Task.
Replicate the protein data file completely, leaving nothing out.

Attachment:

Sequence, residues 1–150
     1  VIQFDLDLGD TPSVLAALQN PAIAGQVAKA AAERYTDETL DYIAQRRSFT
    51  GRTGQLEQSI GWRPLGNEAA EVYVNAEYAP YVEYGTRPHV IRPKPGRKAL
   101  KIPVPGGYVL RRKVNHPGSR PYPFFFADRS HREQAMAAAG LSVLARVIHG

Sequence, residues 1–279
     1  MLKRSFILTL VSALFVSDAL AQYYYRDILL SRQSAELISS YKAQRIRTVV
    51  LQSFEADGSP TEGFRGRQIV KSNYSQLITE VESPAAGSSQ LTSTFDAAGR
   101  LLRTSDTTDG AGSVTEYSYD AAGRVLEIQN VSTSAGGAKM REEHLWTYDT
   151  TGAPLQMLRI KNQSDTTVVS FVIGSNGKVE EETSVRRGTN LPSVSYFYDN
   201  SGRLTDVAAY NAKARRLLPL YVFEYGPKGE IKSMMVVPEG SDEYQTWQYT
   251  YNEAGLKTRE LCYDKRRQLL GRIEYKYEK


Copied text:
Sequence, residues 1–150
     1  VIQFDLDLGD TPSVLAALQN PAIAGQVAKA AAERYTDETL DYIAQRRSFT
    51  GRTGQLEQSI GWRPLGNEAA EVYVNAEYAP YVEYGTRPHV IRPKPGRKAL
   101  KIPVPGGYVL RRKVNHPGSR PYPFFFADRS HREQAMAAAG LSVLARVIHG

Sequence, residues 1–279
     1  MLKRSFILTL VSALFVSDAL AQYYYRDILL SRQSAELISS YKAQRIRTVV
    51  LQSFEADGSP TEGFRGRQIV KSNYSQLITE VESPAAGSSQ LTSTFDAAGR
   101  LLRTSDTTDG AGSVTEYSYD AAGRVLEIQN VSTSAGGAKM REEHLWTYDT
   151  TGAPLQMLRI KNQSDTTVVS FVIGSNGKVE EETSVRRGTN LPSVSYFYDN
   201  SGRLTDVAAY NAKARRLLPL YVFEYGPKGE IKSMMVVPEG SDEYQTWQYT
   251  YNEAGLKTRE LCYDKRRQLL GRIEYKYEK